RED WING -- When John Renschen was in tenth grade, a friend of his was leaving to serve in Vietnam. He would be leaving his job at Walt’s Shoe Service in Red Wing, and he told John to apply for that position.
John interviewed for the job and owner Walt Oliver hired him.
“I didn’t even have a driver’s license,” John said. “He was just a good guy to work for, so I stuck it out. I learned all about repairing shoes and boots.”
That was in 1967, and through the years, the working relationship between Walt and John proved to be a good one.
“After I worked here for 10 years, instead of giving me a raise, he gave me 25% of the business,” John said. “When I bought the business in 1984, I only had to buy 75%, because I already owned 25%.”
John then returned the favor and hired Walt to work for him for several years.
Eventually John brought his wife, Heidi, into the business. They sold Red Wing Shoes in one part of the store, and continued the repair business in the other half.
“A lot of people come in here because they want to deal with the little guy,” John said. “They want to work with a local store, a small store.”
The Renschens have had customers from all over the country stop at 312 W. Fourth St. and buy boots. Many have continued to buy boots over the years, and the Renschens have mailed boots to Alaska, Maine, Montana, California and elsewhere.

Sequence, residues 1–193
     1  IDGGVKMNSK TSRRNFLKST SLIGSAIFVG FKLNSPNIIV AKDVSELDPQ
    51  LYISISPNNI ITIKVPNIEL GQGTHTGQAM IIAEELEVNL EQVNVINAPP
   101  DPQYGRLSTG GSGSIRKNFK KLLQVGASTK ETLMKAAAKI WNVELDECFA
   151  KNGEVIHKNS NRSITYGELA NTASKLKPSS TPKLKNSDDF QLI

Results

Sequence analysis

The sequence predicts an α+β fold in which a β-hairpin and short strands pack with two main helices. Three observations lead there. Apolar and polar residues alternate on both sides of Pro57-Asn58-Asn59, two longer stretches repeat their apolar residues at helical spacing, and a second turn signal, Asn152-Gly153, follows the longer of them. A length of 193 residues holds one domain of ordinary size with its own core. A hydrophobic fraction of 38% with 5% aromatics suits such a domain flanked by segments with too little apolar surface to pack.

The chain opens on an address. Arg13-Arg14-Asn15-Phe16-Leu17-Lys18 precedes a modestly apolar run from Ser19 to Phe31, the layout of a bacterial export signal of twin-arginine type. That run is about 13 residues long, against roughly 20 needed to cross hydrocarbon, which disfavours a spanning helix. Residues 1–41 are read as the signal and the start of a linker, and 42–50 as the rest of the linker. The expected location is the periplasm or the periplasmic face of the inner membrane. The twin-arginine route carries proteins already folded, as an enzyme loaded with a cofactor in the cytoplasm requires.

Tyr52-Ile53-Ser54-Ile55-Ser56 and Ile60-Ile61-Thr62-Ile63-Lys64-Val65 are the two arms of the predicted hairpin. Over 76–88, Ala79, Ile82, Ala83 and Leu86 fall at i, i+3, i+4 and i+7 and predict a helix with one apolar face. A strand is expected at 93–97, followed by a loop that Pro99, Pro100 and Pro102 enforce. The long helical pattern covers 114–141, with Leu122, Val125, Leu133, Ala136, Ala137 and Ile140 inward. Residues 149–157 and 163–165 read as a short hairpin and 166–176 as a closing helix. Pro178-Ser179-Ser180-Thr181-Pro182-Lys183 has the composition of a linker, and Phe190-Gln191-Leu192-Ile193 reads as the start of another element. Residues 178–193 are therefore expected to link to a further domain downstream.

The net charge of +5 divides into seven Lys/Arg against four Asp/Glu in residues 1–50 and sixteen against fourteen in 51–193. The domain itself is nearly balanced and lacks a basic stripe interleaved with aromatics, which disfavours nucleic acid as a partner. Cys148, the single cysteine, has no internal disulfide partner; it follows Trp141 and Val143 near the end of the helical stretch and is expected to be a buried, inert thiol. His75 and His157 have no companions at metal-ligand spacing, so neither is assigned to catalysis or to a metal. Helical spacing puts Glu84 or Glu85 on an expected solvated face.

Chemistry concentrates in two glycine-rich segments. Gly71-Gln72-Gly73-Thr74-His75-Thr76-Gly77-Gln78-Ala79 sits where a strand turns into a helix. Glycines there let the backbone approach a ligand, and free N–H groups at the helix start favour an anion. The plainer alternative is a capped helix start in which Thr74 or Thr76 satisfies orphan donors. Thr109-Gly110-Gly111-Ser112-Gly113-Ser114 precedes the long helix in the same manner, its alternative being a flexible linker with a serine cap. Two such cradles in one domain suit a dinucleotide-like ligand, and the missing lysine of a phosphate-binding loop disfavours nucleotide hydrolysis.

Now, however, after 53 years of going to the same store five or six days each week, John and Heidi have closed the store. Their final day was Oct. 30.
Once word got out that Walt’s Shoe Services was closing, John said the repair orders came rushing in.
“It was getting to the point that I had to stop taking orders,” John said. “I ended up getting orders for 30 buildups in a 10-day period. I got them all done.”
Heidi didn’t waste any time figuring out what she was going to do next. She started work on Nov. 2 as a teller at First Farmers and Merchants Bank in Red Wing.
John is a little less sure of his plans, but said he will go bowhunting in the fall, fishing in the winter, and turkey hunting in the spring.
“I’ll find something to do,” he said. “I’ve had a job since I was about 10. I had a paper route with 100 customers. My dad was the custodian at the Catholic school, and I would work up there painting with him.”
While John and Heidi are excited about the new directions their lives will be taking, they feel a sadness about leaving the customers they have worked with for so many years.
“So many people stop by to see how we are doing and to visit,” John said. “That’s what I’ll miss.”
In the final days before closing, Heidi had to make several calls to make sure people picked up boots or shoes they had ordered.
“A few of them are longtime customers, and the tears start flowing, and I’m trying to talk to them on the phone,” she said. “When you enjoy the work so much, it is not a job. We have enjoyed being with our community. We thank everybody that became our family.”